SC Open Meeting Law

 

There is a statute which involves most (but not all) HOAs and Condo Regimes.  Sections 33-31-820 to 33-31-825 of the SC Code deals with meetings of a Board of Directors of a non profit corporation. Most HOAs and Condo Regimes are non profit corporations. These Code sections do not deal with the issue of “open meetings”. So, the bottom line is that there is no statutory requirement for “open meetings by Boards.”

Nevertheless, in my view, Boards of Directors of HOAs and Condo Regimes should conduct meetings that are open to observation by the members. Note the term “observation” because Board meeting are “meetings of the Board” and they should not be interrupted or interfered with by members.

Points of advice that I regularly give to Boards that they should adopt by common practice at least by Board resolution and probably such matters should be put in their Bylaws.

Each Board can adopt their own “in house” Rules. This would be, for example, such things as (1) the chairman only votes if there is a tie, (2) the chairman does not make or Second Motions, (3) all Motions must be Seconded, (4) the minutes must reflect the vote (e.g. 5 – 0, or 3 – I – I, or 3-2, etc.), (5) Board members can not speak on any issue longer than 5 minutes, etc., etc.

1.  The Secretary (acting through the manager) should publish and distribute an agenda for regular meetings at least three days in advance of the meeting.

2.  This agenda should be posted on a Bulletin Board of the Association and a web site or otherwise be made public to the members three days in advance of the regular meetings.

3.  In addition to the agenda, if there are any documents to be reviewed (e.g. letters or contracts) at the meeting, these documents should be provided to the Board members (only Board members) with the agenda.

4.  Meetings of the Board should be held in a public place where members feel comfortable attending. They should be in a school room or cafeteria, a restaurant meeting room, a hotel meeting room, the Club House, etc. but not in a private residence.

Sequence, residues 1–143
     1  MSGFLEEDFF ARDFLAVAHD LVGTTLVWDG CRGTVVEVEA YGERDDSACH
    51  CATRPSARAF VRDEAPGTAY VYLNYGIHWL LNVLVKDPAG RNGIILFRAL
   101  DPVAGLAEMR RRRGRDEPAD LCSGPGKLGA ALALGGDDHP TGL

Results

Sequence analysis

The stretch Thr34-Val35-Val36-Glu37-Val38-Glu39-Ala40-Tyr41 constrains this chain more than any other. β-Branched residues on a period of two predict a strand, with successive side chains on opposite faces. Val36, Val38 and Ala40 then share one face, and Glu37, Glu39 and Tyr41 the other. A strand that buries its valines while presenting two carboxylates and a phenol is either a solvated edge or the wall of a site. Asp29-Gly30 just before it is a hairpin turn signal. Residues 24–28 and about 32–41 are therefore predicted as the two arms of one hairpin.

5.  The first 15-30 minutes of the meeting (after the determination of a quorum) of the Board meeting should be a “Member Comment Period” where any member can make statements and/or deliver documents to the Board in any subject matter relevant to the Association. I would limit presentations to 3 minutes per person and that one person can only appear one time per meeting. This forces members to outline their thoughts and prevents “rambling”.

6.  No alcoholic beverages should be allowed at a Board meeting and Board members who have been involved with such activities prior to a meeting should be asked not to participate.

7.  After the Member Comment period, members can not thereafter participate in Board meetings.

8.  If the Board has certain extraordinary subjects to discuss, they should go into Executive Session meaning that the meeting should be cleared of all persons except the Board members and invited guests whose presence is relevant to the issues to be discussed. The reasons forgoing into Executive Session are (a) contract negotiations, (b) potential or pending lawsuits, and(c) personnel matters.

The Board does not vote during Executive Session.

The procedure (to be put in the regular meeting minutes) is that a Board member makes a Motion for the Board to go into Executive Session and states the reason (e.g., to discuss a personnel issue). That Motion is Seconded and voted on. The minutes reflect that the room was cleared except for Board members and the Manager and (the invited guest).

No minutes are kept of the Executive Session because no votes are taken.

The next thing in the minutes (after the vote is taken to go into Executive Session) is that the President calls the meeting to order again after the conclusion of the Executive Session and the President entertains any Motion that anyone might want to make.

9.  When the minutes are subsequently adopted and amended, they are typed in final form and signed by the person designated in the Bylaws to keep the minutes (usually the secretary) and the date of adoption is noted thereon.

10. Then, the adopted and signed Board meeting minutes are posted on the Association Bulletin Board and the Web site. Some Boards mail a copy to all members.

Prepared by
J. Thomas Mikell
Attorney At Law
Beaufort, S.C.